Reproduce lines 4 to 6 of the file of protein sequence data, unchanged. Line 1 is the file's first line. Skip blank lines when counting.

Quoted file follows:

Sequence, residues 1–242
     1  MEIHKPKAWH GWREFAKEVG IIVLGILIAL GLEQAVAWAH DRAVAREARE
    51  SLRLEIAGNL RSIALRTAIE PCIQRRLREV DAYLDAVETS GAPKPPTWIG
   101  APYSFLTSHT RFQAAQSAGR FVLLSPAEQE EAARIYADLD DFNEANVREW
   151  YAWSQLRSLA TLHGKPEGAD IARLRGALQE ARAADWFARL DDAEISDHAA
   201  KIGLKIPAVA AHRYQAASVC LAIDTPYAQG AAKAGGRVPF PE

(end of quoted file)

   101  APYSFLTSHT RFQAAQSAGR FVLLSPAEQE EAARIYADLD DFNEANVREW
   151  YAWSQLRSLA TLHGKPEGAD IARLRGALQE ARAADWFARL DDAEISDHAA
   201  KIGLKIPAVA AHRYQAASVC LAIDTPYAQG AAKAGGRVPF PE